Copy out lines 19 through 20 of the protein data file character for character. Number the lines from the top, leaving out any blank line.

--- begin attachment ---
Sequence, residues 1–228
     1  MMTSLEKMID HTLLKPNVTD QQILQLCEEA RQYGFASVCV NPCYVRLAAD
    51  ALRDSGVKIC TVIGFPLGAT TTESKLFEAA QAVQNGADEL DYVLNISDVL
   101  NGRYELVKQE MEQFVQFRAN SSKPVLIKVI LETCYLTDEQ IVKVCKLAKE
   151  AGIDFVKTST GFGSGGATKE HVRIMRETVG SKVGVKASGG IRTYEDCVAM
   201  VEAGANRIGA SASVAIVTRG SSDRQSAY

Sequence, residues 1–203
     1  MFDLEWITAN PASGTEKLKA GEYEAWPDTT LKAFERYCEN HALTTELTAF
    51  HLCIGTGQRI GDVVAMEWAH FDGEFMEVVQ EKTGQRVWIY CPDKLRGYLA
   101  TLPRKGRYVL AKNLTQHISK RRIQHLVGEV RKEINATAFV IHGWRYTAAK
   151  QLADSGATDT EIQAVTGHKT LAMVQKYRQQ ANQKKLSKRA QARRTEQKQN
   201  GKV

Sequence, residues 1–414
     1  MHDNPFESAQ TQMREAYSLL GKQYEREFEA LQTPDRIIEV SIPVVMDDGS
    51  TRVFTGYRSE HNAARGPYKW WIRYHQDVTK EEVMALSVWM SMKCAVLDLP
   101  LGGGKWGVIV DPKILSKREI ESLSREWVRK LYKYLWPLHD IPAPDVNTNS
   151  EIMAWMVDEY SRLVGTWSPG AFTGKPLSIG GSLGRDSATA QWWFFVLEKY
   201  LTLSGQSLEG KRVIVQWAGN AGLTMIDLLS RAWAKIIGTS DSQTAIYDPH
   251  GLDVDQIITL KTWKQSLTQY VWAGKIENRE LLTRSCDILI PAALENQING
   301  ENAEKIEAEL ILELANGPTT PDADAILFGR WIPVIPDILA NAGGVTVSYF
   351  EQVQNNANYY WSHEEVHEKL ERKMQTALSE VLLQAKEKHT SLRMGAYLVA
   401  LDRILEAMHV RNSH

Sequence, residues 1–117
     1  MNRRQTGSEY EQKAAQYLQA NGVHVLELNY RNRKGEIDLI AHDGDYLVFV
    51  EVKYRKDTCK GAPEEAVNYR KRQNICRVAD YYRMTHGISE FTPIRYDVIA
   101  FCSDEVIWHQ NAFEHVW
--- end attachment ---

   251  GLDVDQIITL KTWKQSLTQY VWAGKIENRE LLTRSCDILI PAALENQING
   301  ENAEKIEAEL ILELANGPTT PDADAILFGR WIPVIPDILA NAGGVTVSYF